Each human lifetime is an opportunity to learn specific lessons. One lifetime, for example, might focus on learning greater self-responsibility while the next might focus on being kinder to others. If in one lifetime the soul experiences being a man with a lot of power over women, say, it would then be of value to contrast that with the experience of being a powerless woman.
The soul has no preference for one side of the equation or the other, since both sides help draw out different aspects of the soul.

5. THE SOUL HAS NO NATIONALITY, CREED, RACE OR GENDER.

There is no such thing as a Jewish soul or a Chinese soul or whatever. We are just souls, and as souls we are free to experience the whole variety of human cultures across the planet.
We choose our birth location, race and nationality to suit our purposes for any given lifetime. Sometimes race and creed are a deliberate choice; at other times they are merely incidental to what the life is about.
Because the soul learns through a process of “compare and contrast”, one who has just experienced a life as (say) an Israeli soldier might decide to be (say) a Palestinian orphan in the next.
There is no such thing as a male soul or a female soul. Gender is a biological phenomenon, not a spiritual one. Human beings are of two sexes and so we have to choose which one to be before each life begins.
Because we want to experience, compare and contrast all possible perspectives, we will choose to experience lives as both men and women. We can be male or female as often as we please. We can be male in one lifetime and female the next. Or we can be male for ten lifetimes and female for the next fifty lifetimes. It is all a matter of choice. Even if we have a strong preference for one gender, we will still tend to incarnate as the other gender every now and then, just to maintain a balanced perspective.

6. THE SOUL STICKS TO ONE SPECIES AT A TIME.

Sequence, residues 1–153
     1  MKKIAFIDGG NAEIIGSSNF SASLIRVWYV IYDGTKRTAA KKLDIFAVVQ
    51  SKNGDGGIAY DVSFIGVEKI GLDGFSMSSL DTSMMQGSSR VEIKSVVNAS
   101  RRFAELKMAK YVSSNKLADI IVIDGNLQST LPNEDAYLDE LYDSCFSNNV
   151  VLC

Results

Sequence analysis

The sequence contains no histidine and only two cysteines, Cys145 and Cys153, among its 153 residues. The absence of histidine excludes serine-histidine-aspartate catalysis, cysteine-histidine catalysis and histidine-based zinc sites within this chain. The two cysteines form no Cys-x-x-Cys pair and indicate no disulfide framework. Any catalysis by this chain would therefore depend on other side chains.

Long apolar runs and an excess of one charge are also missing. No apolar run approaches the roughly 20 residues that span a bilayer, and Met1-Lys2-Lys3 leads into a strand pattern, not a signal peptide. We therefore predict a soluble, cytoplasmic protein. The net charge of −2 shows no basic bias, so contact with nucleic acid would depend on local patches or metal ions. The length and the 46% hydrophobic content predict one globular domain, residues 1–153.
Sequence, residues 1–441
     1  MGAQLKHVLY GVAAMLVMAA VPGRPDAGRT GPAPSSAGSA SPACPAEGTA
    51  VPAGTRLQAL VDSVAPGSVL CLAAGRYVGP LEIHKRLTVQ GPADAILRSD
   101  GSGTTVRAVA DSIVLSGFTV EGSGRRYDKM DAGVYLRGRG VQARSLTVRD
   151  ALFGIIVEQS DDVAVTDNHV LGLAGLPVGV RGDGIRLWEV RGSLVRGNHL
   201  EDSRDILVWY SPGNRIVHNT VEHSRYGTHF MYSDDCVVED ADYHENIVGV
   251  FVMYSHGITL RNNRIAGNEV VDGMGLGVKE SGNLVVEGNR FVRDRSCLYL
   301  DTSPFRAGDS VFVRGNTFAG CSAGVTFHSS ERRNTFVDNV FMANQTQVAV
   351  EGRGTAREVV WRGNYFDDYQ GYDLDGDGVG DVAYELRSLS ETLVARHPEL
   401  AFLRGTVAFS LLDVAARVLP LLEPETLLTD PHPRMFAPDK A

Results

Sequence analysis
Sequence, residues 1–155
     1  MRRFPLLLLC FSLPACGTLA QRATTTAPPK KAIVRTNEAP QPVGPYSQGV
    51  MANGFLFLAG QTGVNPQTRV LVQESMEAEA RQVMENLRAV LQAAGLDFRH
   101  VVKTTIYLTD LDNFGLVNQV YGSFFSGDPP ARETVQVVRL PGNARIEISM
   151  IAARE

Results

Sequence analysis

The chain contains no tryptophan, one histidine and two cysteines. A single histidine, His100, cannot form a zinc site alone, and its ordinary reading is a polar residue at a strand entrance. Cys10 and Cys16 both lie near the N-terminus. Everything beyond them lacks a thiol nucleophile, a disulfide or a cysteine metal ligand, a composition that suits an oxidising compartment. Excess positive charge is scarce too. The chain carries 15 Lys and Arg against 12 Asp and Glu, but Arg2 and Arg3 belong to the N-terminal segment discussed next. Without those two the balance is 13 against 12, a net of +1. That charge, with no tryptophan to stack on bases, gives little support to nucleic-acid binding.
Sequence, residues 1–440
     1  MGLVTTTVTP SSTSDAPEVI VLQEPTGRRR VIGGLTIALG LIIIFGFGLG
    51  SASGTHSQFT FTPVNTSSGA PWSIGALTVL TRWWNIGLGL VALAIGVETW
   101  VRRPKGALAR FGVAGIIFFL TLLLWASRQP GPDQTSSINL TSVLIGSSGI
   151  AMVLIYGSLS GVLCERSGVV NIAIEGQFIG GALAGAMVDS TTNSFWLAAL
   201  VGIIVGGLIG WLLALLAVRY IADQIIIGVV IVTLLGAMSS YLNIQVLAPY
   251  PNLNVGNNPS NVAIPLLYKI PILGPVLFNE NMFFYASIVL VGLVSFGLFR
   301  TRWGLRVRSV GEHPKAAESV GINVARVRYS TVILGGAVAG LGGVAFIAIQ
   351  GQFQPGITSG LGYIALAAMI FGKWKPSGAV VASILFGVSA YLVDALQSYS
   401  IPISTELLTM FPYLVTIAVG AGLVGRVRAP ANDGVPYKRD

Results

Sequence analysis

Contrary to certain teachings, the souls of human beings reincarnate only as human beings.
That’s not to say we did not experience life in simpler life forms before that. But at some point in our earlier evolution, we selected the human species as our vehicle of choice (no pun intended) to evolve as self-aware individuals.
The soul’s mission is to expand in consciousness, and there is no value for the soul already at the human level in experiencing life at a “sub-human” level of consciousness. There may be rare exceptions where a soul who is normally human experiments with being a dolphin, say, but as a rule we do not return as insects or cows or blades of grass or what have you. We are spiritual beings on a human journey, learning to be ourselves through human experiences, human relationships and human choices.

7. EACH LIFETIME IS PRE-PLANNED.

Before taking birth, the soul (along with its guides in spirit) will decide what experiences and choices the life should include.
The appropriate circumstances and relationships will be chosen and set up with the cooperation and agreement of other souls who will be involved.
For example, let’s say the soul wants to experience being compassionate towards children. The soul may decide that the life to come should include its own childhood experience of abandonment by the mother. This would help drive the personality in adult life to want to help abandoned children. Another soul will then agree, out of love, to be the mother who abandons this soul in childhood.